I'm a Hatfield descendant and I've always been interested in learning about my cousins that were part of one of America's famous feuds. I grew up hearing the stories about Devil Anse, Johnse & Roseanna, Randall McCoy, and everyone involved. Luckily after the great History Channel miniseries my uncle gave me this book to read telling more about Anse and that side of our family. We all go back to the 1st Ephriam Hatfield but we're from Joseph's line, where Anse was from Valentine's. This book was I'm a Hatfield descendant and I've always been interested in learning about my cousins that were part of one of America's famous feuds. I grew up hearing the stories about Devil Anse, Johnse & Roseanna, Randall McCoy, and everyone involved. Luckily after the great History Channel miniseries my uncle gave me this book to read telling more about Anse and that side of our family. We all go back to the 1st Ephriam Hatfield but we're from Joseph's line, where Anse was from Valentine's. This book was written by Anse's great-grandson and it was great getting to know more about Anse's personality, other stories I hadn't heard, as well as learn about his parents and our common ancestors. It was really great too to see more focus on Anse's 2nd son Cap as until the History Channel miniseries I had always heard so much more about Johnse. This was really great to read more on my cousins and I feel like I know more of what really happened back then and what it was like to live back then.

  5. 5 out of 5

    Heidi

    This book was extremely good at creating visualizations of the families, even before you looked at any of the actual photos.I felt as though I were watching a movie while I read it. My family on my Dad's side are all from eastern Ky, so this also gave me more insight on some of my own family history concerning these very clannish people. This book was extremely good at creating visualizations of the families, even before you looked at any of the actual photos.I felt as though I were watching a movie while I read it. My family on my Dad's side are all from eastern Ky, so this also gave me more insight on some of my own family history concerning these very clannish people.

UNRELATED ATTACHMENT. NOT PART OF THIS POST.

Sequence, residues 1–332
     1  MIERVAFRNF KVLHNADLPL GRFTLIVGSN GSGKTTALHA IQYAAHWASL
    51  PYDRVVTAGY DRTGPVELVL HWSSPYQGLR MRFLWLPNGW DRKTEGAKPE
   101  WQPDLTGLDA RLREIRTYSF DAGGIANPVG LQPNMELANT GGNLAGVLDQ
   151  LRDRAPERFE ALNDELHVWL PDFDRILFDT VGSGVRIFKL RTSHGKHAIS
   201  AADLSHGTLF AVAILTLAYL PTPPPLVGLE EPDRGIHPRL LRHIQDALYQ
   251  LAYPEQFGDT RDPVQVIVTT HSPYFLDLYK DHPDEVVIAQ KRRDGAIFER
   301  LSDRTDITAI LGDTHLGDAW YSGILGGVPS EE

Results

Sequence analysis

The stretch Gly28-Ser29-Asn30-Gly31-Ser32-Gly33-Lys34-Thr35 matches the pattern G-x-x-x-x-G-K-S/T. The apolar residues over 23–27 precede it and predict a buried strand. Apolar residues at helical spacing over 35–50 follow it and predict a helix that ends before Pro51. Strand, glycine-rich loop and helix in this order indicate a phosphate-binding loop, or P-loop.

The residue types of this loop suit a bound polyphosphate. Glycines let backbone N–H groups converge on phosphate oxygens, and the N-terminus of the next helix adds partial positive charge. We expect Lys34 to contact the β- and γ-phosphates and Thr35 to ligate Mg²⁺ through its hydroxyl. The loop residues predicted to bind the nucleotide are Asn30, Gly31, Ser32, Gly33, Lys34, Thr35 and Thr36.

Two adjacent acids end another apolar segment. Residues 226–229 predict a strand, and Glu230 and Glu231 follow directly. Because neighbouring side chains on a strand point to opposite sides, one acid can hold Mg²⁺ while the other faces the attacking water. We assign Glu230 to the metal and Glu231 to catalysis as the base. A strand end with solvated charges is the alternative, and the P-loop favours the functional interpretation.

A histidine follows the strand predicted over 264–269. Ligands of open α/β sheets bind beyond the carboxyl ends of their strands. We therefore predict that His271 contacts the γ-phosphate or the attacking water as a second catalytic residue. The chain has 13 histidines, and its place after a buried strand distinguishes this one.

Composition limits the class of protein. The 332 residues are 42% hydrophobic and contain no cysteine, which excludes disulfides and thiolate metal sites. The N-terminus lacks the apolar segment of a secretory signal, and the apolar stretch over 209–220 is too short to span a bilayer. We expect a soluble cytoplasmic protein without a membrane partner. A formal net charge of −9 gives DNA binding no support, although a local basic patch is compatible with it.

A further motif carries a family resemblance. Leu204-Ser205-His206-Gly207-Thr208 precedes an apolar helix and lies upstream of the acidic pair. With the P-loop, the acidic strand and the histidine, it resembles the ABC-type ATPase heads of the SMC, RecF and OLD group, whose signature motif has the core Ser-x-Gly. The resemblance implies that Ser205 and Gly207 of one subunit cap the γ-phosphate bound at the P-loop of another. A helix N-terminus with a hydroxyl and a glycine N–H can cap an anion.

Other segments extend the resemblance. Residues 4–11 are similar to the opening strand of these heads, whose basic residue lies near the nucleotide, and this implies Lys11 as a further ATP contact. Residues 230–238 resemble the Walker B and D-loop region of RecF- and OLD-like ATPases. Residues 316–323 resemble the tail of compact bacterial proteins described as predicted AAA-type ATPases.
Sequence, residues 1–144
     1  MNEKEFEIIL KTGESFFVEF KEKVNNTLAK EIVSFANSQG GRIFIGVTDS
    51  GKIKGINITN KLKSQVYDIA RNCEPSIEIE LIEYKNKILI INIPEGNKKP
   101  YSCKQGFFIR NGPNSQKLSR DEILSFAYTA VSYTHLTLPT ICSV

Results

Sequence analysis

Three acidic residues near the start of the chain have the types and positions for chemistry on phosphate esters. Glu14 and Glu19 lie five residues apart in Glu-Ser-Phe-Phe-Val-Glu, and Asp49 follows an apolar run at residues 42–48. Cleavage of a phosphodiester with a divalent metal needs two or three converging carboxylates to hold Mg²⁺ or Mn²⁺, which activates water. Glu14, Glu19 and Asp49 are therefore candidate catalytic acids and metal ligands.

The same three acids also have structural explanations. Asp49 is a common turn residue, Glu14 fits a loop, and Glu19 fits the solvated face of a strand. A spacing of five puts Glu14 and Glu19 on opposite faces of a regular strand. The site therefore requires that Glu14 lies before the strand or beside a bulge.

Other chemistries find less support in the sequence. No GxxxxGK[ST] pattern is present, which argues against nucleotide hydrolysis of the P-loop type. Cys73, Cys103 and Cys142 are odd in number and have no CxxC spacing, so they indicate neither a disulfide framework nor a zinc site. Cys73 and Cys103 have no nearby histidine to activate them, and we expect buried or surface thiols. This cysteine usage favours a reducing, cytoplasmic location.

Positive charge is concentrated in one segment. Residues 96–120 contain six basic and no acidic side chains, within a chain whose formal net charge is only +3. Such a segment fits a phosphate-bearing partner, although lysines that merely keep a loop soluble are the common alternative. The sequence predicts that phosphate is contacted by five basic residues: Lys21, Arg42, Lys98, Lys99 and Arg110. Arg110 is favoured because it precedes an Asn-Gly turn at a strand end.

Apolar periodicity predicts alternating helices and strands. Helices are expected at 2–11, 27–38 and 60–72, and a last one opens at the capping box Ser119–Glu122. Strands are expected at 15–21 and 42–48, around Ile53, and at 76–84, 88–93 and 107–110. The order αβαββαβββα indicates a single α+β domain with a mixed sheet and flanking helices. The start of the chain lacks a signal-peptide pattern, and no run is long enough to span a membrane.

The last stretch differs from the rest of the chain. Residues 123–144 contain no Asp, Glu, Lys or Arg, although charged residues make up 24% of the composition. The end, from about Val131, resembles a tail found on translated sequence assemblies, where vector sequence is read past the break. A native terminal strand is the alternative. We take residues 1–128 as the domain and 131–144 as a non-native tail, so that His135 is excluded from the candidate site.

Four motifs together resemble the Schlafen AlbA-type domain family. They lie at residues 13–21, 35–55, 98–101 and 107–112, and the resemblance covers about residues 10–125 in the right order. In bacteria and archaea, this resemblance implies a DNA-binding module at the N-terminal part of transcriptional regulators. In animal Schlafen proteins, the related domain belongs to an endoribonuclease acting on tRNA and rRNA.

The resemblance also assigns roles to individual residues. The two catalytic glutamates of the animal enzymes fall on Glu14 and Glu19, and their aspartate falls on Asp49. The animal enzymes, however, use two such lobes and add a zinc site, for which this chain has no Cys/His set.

6. 5 out of 5

    Damon

    This book I would advise all readers to read this book.It tells the life of men who did god awful things but all over a misunderstanding.

  7. 5 out of 5

    Melissa

    Reads like genealogy lists. Kept my interest for a short while, then one day I just couldn't pick it up anymore. Reads like genealogy lists. Kept my interest for a short while, then one day I just couldn't pick it up anymore.

  8. 4 out of 5

    Fran

    Fascinating story of Devil Anse and the Hatfield-McCoy feud.

  9. 4 out of 5

    Teresa

    I'm enjoying reading this because I am a direct descendant of Anse Hatfield. I'm enjoying reading this because I am a direct descendant of Anse Hatfield.

  10. 4 out of 5

    Rex

  11. 5 out of 5

    Kris Scott

  12. 5 out of 5

    Dennis Hart

  13. 4 out of 5

    Sheila Owens

  14. 5 out of 5

    F. Davis

  15. 5 out of 5

    Devan

  16. 5 out of 5

    Mike

  17. 4 out of 5

    Patrice M. Kovacic

  18. 4 out of 5

    JoAnn

  19. 4 out of 5

    Ginger Lynch

  20. 4 out of 5

    Michael

  21. 4 out of 5

    Matthew

  22. 4 out of 5

    Cyndi

  23. 4 out of 5

    Jason Cox

  24. 5 out of 5

    Tracy Hoerner

  25. 5 out of 5

    Christopher

  26. 5 out of 5

    Denise

  27. 4 out of 5

    Rick Wilson

  28. 5 out of 5

    Ann

  29. 4 out of 5

    Janthe Patton Cogar

  30. 4 out of 5

    Teresa